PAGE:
Lynn Brenner Lynn Brenner

Brenner answers questions about all aspects of family finance.

My ex-husband forgot to remove my name as beneficiary on a life insurance policy. Sixteen months before his death, he remarried. The insurer informed me that the new wife is entitled to the insurance money according to New York State law. Why doesn't it go to his estate and/or his children?


It sounds as if you didn't get a full explanation. Under New York law, divorce automatically revokes beneficiary designations to an ex-wife or ex-husband. But the law doesn't say who gets the money instead. It says the insurer should proceed as if the beneficiary had predeceased the insured person.

When the designated beneficiary is dead, the new beneficiary's identity depends on the policy's "succession of interest" language. This typically calls for payment to a contingent beneficiary or to the insured's estate, says Michael Mullarney, a Northwestern Mutual Life Insurance Co. financial adviser in New York City. But Mullarney says in the circumstances you describe, Northwestern Mutual would ask to see a copy of the divorce decree before determining how the policy proceeds should be paid. The reason: Divorce settlements often ensure the continuation of alimony or child support payments by stipulating that the decedent's former spouse and/ or children are to receive his or her insurance policy benefits.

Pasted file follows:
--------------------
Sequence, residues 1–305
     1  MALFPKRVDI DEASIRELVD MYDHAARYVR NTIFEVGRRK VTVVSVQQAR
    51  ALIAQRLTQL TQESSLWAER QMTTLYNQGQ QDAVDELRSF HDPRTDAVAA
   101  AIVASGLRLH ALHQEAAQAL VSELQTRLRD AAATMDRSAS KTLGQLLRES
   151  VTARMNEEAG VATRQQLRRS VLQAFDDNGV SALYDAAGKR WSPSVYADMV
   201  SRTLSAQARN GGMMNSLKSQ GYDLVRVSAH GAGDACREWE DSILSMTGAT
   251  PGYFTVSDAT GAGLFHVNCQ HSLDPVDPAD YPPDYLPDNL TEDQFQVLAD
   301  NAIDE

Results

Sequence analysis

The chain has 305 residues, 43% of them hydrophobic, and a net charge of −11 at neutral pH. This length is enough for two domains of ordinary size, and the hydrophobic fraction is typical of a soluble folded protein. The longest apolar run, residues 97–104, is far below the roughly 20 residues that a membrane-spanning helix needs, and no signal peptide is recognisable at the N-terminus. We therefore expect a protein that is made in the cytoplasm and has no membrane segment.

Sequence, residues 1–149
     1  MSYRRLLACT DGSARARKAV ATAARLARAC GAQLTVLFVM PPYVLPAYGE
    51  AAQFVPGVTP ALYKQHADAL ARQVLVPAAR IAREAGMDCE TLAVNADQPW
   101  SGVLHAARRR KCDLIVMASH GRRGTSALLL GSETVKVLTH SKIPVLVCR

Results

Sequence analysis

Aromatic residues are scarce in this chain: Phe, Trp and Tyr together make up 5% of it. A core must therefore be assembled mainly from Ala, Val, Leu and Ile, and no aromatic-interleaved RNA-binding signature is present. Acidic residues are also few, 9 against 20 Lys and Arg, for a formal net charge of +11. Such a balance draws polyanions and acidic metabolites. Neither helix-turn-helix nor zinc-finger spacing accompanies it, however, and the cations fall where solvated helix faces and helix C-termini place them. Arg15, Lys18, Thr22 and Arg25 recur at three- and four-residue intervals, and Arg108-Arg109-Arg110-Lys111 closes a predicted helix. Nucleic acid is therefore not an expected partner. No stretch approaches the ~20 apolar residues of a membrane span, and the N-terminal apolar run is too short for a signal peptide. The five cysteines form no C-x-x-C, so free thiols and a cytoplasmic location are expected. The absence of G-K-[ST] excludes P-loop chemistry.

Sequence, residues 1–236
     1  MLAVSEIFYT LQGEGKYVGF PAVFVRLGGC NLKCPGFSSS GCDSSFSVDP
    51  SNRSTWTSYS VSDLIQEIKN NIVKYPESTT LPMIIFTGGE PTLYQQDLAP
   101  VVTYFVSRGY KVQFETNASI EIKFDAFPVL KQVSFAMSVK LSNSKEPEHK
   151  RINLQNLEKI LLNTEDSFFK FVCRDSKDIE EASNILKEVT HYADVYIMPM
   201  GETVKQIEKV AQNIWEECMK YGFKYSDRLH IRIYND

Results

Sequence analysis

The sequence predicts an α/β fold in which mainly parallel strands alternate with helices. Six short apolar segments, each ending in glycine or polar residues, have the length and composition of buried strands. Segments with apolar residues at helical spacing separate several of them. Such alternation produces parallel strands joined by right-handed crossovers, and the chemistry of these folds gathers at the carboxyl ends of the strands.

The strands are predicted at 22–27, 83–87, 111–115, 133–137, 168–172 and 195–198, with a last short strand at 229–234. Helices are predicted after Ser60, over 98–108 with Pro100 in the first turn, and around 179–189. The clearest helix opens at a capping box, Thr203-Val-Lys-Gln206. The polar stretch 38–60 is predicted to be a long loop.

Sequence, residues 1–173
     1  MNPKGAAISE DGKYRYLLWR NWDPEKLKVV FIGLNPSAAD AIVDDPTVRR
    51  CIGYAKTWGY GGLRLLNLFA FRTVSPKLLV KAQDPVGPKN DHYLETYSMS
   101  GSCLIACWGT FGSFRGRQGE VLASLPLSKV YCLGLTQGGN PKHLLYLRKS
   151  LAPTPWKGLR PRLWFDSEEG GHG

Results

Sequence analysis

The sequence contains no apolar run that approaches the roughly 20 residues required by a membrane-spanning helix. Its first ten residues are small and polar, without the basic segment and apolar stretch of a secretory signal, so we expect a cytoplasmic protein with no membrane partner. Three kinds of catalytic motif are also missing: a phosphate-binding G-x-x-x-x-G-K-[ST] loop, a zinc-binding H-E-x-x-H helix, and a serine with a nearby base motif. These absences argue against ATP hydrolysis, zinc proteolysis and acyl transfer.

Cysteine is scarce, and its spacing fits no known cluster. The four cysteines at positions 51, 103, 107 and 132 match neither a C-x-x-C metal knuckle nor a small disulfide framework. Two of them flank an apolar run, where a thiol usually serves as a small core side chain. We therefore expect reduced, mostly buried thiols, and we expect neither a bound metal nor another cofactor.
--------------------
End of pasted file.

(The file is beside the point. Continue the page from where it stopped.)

If your divorce settlement had no such provision, this policy may indeed have been payable to your ex-husband's estate under its "succession of interest" rules. And his will may have left the estate to his widow. When a person dies without a will, the law divides his estate between his surviving spouse and children. But there's no law requiring a parent to include his children in his will.

The bottom line In New York, divorce automatically cancels life insurance policy beneficiary designations, but they can be maintained as part of a divorce settlement.

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